British government questions Thomas Cook’s directors’ salaries

Employees at Thomas Cook are worst hit in the mismanagement fiasco, and took to social media to air grievances.
By: | September 25, 2019

The collapse of Thomas Cook, one of Britain’s largest tour operators on Monday has highlighted the executive pay problems seething below the surface of this travel giant. In total, directors at the UK’s oldest travel agency are accused of giving themselves a collective £47 million in pay and bonuses in the last 10 years.

British Prime Minister Boris Johnson asked whether directors should pay themselves “large sums of money” even as Thomas Cook was “going down the tubes.”

“How can we make sure that tour operators take proper precautions with their business models where you don’t end up with a situation where the taxpayer, the state, is having to step in and bring people home?”

The travel company’s bosses’ actions will face scrutiny as the authorities investigate the tour operator’s bankruptcy. Business secretary Andrea Leadsom asked the official receiver to investigate if the directors’ actions had caused detriment to creditors or to pension schemes.

The directors at Thomas Cook have been told to return the millions of pounds in bonuses as the company faced liquidation. It’s CEO Peter Fankhauser took home £8.4 million since 2014, that also included £4.6 million in bonus payments.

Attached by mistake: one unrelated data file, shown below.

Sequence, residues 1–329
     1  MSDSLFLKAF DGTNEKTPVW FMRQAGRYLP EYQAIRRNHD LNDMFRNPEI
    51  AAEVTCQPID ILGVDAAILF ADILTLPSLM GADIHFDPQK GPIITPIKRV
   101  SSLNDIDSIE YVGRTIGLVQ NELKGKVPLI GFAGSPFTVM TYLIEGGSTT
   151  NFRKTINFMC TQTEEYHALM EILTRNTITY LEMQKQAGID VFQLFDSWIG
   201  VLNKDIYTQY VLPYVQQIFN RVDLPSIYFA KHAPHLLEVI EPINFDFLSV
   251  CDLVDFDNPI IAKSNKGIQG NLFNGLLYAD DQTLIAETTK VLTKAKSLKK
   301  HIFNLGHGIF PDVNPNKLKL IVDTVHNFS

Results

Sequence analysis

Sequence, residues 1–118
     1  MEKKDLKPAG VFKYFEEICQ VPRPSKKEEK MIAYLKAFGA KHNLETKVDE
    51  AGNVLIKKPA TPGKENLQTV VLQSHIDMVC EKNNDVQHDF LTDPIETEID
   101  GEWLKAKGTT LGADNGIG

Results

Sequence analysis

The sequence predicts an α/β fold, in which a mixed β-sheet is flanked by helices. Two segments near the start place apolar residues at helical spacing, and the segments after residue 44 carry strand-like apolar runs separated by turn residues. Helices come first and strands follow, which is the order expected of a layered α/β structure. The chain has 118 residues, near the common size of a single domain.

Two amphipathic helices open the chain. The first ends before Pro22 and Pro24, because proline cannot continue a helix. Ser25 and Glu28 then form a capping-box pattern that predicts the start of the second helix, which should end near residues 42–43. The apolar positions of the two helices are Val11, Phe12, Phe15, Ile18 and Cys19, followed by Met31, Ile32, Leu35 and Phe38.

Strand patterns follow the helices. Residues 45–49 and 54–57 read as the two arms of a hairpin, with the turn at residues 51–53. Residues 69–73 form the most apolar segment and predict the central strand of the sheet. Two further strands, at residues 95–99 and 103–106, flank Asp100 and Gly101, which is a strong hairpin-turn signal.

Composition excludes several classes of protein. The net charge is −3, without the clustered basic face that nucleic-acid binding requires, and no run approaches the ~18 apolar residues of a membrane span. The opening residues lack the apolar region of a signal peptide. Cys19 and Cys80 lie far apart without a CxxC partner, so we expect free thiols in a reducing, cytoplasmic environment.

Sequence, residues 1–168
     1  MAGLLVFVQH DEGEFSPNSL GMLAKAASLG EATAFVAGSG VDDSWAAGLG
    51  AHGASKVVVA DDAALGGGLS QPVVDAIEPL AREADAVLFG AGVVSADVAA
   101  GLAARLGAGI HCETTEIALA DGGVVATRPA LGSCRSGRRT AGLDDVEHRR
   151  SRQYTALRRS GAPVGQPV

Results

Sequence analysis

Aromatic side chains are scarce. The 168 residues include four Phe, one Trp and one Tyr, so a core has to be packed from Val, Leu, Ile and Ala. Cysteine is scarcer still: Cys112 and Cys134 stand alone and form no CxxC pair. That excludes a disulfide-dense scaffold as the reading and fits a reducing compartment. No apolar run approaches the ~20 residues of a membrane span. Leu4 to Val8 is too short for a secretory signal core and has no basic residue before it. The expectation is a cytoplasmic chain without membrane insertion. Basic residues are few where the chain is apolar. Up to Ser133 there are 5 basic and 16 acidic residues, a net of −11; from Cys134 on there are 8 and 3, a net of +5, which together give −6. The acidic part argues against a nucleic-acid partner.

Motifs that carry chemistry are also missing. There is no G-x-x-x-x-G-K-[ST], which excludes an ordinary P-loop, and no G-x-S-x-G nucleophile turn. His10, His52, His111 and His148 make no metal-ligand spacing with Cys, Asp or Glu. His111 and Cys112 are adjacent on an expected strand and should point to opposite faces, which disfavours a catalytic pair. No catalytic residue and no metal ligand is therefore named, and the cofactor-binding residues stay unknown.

Employees have taken to social media to vent their frustrations and sadness over the loss of their jobs. About 22,000 jobs are at risk worldwide, with 9,000 in the UK. Ms Chole Bain, an air hostess with Thomas Cook said she “had lost her dream job.” However, on Tuesday Thomas Cook staff have been offered new roles at rival airlines after the collapse of the travel company.

The British government initiated an emergency operation, “Operation Matterhorn” to repatriate 150,000 stranded British tourists. While the tourists can rest easy as they get home, Thomas Cook workers face a more solemn future.

The travel company was cited as an example of poor management and how the fiasco should be avoided in the future, as both the taxpayer and the state had to step in and resolve the crisis.